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The Liturgies

Liturgy Of St. Basil The Great

St. Basil the Great was Bishop of Caesarea in the fourth century. Called Great because of his great learning and work he did for our Lord and His Church. He lived from 329 to 379 AD.

St. Basil actually wrote his Liturgy before St. John Chrysostom. St. Basil’s Liturgy is only celebrated ten Sundays a year, along with a few other days:

Holy Thursday
Holy Saturday of Passion Week
Vigils of Christmas
Feast Day of St. Basil


Instituted by: St. Gregory Diologus
Celebrated: Wednesdays and Fridays of Lent

During the Liturgy of Presanctified Gifts there is no consecration of the Eucharist. (blessing of the bread and wine for Communion). But you do receive Holy Communion? The Eucharist is presanctified”, blessed the Sunday before and kept for the Liturgy of PRESANCTIFIED GIFTS.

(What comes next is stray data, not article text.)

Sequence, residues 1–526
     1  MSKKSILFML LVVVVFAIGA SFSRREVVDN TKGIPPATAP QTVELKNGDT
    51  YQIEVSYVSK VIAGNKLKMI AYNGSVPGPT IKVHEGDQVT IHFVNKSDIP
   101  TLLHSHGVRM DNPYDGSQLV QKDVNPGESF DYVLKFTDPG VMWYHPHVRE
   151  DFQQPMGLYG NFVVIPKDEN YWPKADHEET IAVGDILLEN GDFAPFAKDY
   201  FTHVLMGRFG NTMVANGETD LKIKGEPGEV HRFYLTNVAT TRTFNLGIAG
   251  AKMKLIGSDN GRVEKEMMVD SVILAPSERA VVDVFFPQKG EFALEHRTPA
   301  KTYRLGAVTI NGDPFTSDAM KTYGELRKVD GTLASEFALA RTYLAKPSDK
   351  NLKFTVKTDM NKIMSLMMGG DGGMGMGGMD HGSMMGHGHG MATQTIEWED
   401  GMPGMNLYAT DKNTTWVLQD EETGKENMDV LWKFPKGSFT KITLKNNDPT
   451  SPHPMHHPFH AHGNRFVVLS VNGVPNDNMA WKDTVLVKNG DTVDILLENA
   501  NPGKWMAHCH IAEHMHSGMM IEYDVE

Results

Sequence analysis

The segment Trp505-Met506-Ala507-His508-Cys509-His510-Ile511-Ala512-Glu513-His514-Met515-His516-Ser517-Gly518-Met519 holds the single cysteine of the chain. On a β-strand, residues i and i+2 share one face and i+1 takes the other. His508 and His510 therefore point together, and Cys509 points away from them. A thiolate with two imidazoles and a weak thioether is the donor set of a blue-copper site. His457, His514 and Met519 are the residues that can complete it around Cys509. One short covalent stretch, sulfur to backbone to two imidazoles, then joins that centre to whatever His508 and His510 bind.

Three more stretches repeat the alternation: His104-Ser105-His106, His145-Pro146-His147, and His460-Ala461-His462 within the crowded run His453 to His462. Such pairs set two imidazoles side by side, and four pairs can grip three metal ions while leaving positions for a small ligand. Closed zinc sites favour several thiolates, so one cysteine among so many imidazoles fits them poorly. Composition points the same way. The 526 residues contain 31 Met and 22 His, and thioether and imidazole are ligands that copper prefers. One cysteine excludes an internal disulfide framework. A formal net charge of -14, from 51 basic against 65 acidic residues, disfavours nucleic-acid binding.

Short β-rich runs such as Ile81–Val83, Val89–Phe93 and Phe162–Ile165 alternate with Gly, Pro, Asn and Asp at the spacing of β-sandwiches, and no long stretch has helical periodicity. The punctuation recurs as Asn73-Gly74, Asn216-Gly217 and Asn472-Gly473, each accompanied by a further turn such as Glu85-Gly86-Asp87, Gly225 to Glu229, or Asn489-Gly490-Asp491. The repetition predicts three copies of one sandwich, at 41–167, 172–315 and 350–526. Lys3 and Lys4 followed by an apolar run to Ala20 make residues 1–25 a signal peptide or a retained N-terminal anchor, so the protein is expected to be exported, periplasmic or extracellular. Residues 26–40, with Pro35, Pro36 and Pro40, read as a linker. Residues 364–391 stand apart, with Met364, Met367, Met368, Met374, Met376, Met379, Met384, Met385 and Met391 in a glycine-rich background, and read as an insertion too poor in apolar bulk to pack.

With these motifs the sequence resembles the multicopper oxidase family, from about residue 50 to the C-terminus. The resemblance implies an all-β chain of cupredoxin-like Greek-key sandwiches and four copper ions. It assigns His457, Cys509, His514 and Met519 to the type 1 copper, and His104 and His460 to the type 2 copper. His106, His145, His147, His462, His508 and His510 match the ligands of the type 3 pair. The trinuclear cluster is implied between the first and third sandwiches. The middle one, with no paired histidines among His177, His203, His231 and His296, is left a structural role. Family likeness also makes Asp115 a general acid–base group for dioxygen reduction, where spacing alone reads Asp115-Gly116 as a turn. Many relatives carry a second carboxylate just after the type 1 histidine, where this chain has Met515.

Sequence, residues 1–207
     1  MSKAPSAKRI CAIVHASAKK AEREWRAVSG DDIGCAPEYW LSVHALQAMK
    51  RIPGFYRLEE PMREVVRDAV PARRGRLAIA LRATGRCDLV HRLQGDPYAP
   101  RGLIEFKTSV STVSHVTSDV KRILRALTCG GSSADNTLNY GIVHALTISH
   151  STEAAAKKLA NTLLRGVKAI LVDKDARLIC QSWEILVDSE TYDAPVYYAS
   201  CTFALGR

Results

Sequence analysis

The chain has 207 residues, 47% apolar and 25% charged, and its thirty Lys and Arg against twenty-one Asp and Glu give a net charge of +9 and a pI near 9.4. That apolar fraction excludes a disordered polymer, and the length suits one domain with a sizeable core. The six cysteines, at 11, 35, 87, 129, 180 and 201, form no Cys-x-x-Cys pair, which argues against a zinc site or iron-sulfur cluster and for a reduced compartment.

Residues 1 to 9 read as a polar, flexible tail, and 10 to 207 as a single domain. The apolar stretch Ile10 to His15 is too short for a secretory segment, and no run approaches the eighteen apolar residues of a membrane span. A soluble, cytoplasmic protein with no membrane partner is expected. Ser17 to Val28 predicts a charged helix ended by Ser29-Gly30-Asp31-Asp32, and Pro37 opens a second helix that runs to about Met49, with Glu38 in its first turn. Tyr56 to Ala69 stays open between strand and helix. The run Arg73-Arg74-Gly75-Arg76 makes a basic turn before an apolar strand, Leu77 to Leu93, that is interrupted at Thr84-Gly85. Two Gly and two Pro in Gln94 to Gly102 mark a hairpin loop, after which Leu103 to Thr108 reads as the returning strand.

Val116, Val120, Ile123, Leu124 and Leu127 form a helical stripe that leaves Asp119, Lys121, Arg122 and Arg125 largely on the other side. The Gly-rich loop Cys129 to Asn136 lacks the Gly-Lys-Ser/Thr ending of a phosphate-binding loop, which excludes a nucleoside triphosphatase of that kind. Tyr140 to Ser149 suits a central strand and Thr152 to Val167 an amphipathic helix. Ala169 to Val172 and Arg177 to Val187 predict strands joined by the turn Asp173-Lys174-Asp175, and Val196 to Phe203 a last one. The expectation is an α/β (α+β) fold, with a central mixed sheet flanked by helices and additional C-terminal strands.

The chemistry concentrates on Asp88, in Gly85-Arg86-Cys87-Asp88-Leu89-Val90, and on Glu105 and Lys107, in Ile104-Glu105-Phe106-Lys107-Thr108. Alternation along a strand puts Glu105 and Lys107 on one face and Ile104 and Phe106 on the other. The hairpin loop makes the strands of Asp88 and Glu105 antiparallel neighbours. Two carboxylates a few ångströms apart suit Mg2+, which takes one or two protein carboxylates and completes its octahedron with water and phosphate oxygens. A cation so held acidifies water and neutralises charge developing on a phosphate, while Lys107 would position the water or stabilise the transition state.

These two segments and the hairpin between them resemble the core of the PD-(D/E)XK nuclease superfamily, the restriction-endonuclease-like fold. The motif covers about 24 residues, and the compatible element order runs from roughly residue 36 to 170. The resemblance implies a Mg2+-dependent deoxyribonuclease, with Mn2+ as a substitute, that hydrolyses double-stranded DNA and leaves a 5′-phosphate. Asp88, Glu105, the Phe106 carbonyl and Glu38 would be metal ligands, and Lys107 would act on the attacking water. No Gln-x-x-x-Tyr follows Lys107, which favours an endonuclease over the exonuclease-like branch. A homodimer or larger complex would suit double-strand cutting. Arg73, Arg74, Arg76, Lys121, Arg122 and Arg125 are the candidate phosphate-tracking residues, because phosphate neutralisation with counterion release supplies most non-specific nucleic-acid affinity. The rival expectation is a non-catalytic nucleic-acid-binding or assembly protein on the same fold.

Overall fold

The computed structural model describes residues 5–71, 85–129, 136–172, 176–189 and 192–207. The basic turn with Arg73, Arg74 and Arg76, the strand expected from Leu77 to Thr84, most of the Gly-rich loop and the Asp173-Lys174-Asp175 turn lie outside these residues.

This Liturgy is celebrated once a year on St. James Day. October 23rd. Not all churches celebrate this Liturgy only Cathedrals dedicated to St. James.

During the Last Supper, Holy Communion was instituted along with the first Divine Liturgy by Jesus Christ. Jesus commanded his disciples to always perform Holy Communion in His memory.

Luke 22:19

After the crucifixion of Jesus, the disciples instituted an order to the Divine Liturgy which was handed down orally. The first Divine Liturgies were actually celebrated when the Apostles traveled and met with other Christians and also people who wanted to be Christians. They would talk about the teachings of Jesus and the miracles he performed. They then prayed together, sang songs and if baptized participated in Holy Communion.

1 Cor. 10

St. James was the first to give the Divine Liturgy a specific order, but over the years between the Eastern and Western Churches, several Liturgies were developed.

In the Fourth Century the Divine Liturgy was put into written form by St. John Chrysostom, St. Basil the Great, and St. Gregory.


St. John Chrysostom was the Patriarch of Constantinople. Chrysostom means Golden Mouth. Golden Mouth is the nickname for St. John Chrysostom because he spoke so well. He lived from 347 to 407 AD.

The Liturgy of St. John Chrysostom is celebrated every Sunday throughout the Church year except for the 5 Sundays of Great Lent.

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